Journey Into Darkness

John E. Douglas



An unsparing account of a brutal business . . . The real genius here lies in the analytical rigor of Douglas’s crime-scene investigations. . . . Gutsy, hard-nosed police work of the most difficult—and readable—kind.

—Gene Lyons, Entertainment Weekly

Passionate, intelligent, and heartbreaking, the message of JOURNEY INTO DARKNESS is a hard-hitting, no-holds-barred attack on our namby-pamby, wishy-washy, ‘politically correct’ age.

—Roy E. Perry, Nashville Banner

One finally feels that Mr. Douglas’s keen eye for crime-scene detail and his powerful inductive reasoning cannot be explained any more than one can explain his murderous quarries’ capacity for merciless savagery. . . . Mr. Douglas leaves us shaken, gripped by a quiet grief for the innocent victims and anguished by the human condition.

—Dean Koontz, The New York Times Book Review

A hard-hitting, no-holds-barred look at [behavioral profiling] and how it has been used time and again to solve crimes across the country.

—Anniston Star

John Douglas is a brilliant man. . . . And he’s a great guy, very articulate, very sweet. I wanted to cast him as Agent Jack Crawford in the movie.

—Jonathan Demme, director of The Silence of the Lambs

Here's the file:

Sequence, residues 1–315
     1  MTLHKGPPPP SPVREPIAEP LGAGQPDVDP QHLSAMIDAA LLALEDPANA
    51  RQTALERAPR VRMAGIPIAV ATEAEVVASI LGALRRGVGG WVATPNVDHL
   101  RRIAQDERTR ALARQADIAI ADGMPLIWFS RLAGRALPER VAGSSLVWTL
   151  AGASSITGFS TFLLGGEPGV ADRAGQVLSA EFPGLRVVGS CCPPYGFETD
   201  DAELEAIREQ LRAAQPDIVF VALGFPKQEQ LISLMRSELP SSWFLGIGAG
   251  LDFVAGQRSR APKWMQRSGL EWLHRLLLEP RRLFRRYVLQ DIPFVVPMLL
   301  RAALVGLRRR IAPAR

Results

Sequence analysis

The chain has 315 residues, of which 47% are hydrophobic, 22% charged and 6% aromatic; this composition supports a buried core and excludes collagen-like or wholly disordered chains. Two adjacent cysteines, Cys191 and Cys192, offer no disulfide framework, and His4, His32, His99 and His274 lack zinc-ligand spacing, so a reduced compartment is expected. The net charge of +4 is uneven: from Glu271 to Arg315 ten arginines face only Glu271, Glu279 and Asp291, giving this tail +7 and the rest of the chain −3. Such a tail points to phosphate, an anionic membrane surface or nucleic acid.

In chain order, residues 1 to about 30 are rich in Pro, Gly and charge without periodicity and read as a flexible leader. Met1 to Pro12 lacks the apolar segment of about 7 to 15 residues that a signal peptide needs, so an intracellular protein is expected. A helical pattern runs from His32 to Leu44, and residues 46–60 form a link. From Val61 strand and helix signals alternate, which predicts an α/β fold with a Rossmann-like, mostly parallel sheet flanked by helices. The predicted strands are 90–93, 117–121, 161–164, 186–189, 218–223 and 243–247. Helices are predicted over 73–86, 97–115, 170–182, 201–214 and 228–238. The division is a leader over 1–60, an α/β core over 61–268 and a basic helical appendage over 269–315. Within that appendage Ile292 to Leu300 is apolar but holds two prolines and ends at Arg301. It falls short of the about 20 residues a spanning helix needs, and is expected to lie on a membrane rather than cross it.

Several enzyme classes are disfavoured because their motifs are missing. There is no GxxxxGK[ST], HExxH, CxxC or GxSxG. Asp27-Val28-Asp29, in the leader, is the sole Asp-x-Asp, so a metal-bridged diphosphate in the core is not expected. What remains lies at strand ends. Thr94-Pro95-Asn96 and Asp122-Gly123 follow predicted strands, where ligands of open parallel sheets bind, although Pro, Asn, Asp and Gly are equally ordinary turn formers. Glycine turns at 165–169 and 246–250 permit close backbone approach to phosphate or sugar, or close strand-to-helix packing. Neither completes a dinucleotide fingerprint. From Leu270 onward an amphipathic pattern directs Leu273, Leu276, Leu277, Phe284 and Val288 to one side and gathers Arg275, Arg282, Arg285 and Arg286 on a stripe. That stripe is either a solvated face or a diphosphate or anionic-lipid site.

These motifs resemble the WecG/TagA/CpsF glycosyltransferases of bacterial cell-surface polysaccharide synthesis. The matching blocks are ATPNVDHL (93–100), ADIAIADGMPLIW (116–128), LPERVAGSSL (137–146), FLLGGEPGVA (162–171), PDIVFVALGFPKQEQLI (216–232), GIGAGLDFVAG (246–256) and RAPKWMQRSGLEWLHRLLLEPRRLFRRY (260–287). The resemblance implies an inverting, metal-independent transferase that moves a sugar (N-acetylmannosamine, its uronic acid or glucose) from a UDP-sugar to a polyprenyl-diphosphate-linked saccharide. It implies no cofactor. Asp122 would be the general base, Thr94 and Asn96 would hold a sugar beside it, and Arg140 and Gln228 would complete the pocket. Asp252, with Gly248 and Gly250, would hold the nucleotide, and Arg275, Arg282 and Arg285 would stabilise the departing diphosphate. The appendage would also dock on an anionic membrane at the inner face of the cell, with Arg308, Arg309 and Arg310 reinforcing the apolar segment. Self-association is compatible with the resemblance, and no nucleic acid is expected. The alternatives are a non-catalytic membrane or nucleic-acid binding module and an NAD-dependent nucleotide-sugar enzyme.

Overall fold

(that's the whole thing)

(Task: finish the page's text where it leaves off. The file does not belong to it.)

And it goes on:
A quirky, winning tale of awful crimes and awe-inspiring detective work . . . Douglas gives us a pair of human eyes through which to view crimes and criminals that are at once grotesque and compelling. . . . In the end, Mindhunter rings the bell because Douglas knows what all the great crime writers know—that the criminologist must be at least as interesting as the crime. On that score, Douglas fits the profile.

—Richard Willing, USA Today

Although Douglas’s profiles reflect years of experience, there’s an uncanniness about their level of detail: He can predict the make and color of a killer’s car. In the Trailside Killer case, in which Northern California hikers were slain in 1979, Douglas rightly predicted the assailant was a stutterer. . . . Called the ‘FBI’s modern Sherlock Holmes,’ Douglas says he comes up with such details by going into a trancelike state in which he becomes both killer and victim. . . . Douglas’s conservative estimate is that there are between thirty-five and fifty serial killers hard at work around the country right now, leaving ‘several hundred’ dead people in their wake each year.